Programs

Program Summary
Family Promise works with homeless families that include children. These family units have many shapes and sizes including single mothers, single fathers, two parent families, multi-generational families, and expectant parents. We are one of the few programs in Knoxville that can serve all family configurations. We believe that the best way to return families to sustainable independence is to keep the family unit intact to face the challenges of regaining housing and working toward a better life. By partnering with the interfaith community to provide shelter, meals, and volunteer support, Family Promise is designed to provide high quality programming at a fraction of the cost of traditional shelter programs.
Interfaith Hospitality Network (IHN)
Known as the Interfaith Hospitality Network (IHN), Family Promise partners with area congregations to meet the basic needs of children and parents who are homeless; safe, secure overnight shelter, a safe place to spend the day out of the elements, and wholesome consistent meals. IHN currently unites over 40 interfaith and community organizations. Their support is vital to the success of the Family Promise program. Host organizations open their facilities to provide shelter to families in need. For a week at a time, about once a quarter, each of these host sites converts classrooms into bedrooms for guests of the program. Support organizations provide volunteers to assist the hosts. Volunteers are the heart of the program. Without them, the Interfaith Hospitality Network would not exist. Volunteers cook and serve meals, play with children, help them with homework, and stay overnight. Most importantly, they are the human spirit of hospitality, personal support, and compassion that families need.
Family Promise of Knoxville Case Management
Family Promise operates a day center with a home-like environment for the families to spend the day, including space for parents to care for pre-school children, access laundry and shower facilities and search for housing and employment. More than just a place to spend the day, Family Promise provides intensive case management through its social work staff. Crucial life skills are taught and support provided. We work through a strength-based model. Identifying strengths and areas for improvement allows adults in the program to set and achieve goals. The multiple components of the Family Promise program are designed to work together to address the multiple and complex issues that contribute to family homelessness.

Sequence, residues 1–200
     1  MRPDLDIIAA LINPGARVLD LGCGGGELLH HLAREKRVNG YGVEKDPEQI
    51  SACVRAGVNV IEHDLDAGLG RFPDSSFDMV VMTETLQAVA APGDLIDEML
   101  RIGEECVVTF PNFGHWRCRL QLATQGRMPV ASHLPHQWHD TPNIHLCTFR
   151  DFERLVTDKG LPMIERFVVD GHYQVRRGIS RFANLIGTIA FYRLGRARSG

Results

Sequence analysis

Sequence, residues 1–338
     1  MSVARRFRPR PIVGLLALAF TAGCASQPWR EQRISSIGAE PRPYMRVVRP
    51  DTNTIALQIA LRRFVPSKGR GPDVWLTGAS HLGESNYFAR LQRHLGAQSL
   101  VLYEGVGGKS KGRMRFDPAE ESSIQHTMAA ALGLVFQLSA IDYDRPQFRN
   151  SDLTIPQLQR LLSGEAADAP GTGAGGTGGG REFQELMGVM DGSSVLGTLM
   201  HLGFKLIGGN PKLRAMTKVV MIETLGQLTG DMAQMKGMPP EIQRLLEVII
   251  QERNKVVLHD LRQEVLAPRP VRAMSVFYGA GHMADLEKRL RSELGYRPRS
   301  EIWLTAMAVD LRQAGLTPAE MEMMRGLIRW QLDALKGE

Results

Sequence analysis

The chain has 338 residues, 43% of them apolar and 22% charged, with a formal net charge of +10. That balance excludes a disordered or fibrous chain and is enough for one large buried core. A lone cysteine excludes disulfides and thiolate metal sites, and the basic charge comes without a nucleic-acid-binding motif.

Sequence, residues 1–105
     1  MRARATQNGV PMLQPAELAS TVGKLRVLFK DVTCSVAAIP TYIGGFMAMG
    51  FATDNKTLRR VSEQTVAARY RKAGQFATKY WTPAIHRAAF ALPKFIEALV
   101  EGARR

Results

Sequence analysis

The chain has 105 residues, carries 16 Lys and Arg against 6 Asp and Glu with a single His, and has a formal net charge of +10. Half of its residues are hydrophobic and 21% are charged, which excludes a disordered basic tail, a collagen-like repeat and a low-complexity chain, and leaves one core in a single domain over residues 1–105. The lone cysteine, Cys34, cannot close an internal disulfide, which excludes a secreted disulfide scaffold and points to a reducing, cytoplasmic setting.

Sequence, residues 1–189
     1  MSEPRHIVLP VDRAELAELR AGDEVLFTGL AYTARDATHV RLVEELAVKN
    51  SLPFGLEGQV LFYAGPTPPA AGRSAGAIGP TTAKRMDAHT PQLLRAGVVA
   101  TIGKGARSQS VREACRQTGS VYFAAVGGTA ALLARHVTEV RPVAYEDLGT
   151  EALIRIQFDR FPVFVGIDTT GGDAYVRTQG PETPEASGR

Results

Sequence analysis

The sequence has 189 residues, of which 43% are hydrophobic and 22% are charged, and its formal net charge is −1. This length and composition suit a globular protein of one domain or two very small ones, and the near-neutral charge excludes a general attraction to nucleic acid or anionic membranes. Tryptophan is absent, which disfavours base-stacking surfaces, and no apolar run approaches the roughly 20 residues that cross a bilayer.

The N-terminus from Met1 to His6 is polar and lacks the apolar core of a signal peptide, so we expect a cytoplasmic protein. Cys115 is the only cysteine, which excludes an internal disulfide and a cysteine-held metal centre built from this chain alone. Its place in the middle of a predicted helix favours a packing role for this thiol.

Family Promise Academy
The Family Promise Academy seeks to address the underlying causes of family homelessness and build self-reliance by teaching important life skills to both children and adults. Through collaborations with the University of Tennessee Agriculture Extension, and community
professionals, families attend key life-skill classes and workshops. Life skills classes are designed to address eight targeted areas including personal management, socialization skills, home and family management, vehicle safety, transportation, budgeting, employment and education. Upon acceptance into the program, often families have broken spirits. Self-esteem is at a low and it is hard for families to envision a brighter future. Many families may not understand the importance of getting along with others, managing a household, or having a transportation plan. Through the Family Promise Academy, families have the opportunity to learn life skills that will empower them to achieve long lasting self-sufficiency.
Going Home, Staying Home:
The Going Home, Staying Home program is designed to enable families to achieve and maintain sustainable lifestyles. Through the Going Home, Staying Home program families who have moved from the Interfaith Hospitality Network program into permanent housing are able to
continue to receive intensive case management services and are encouraged to continue participation in life skills workshops offered as part of the Family Promise Academy. Family Promise of Knoxville is committed to staying involved in the lives of graduate families for up to two years after they move into housing. Individual family needs and values dictate the case management plan that is developed; most often, this plan looks at maintaining housing, education and employment goals, developing a realistic budget, and crisis intervention.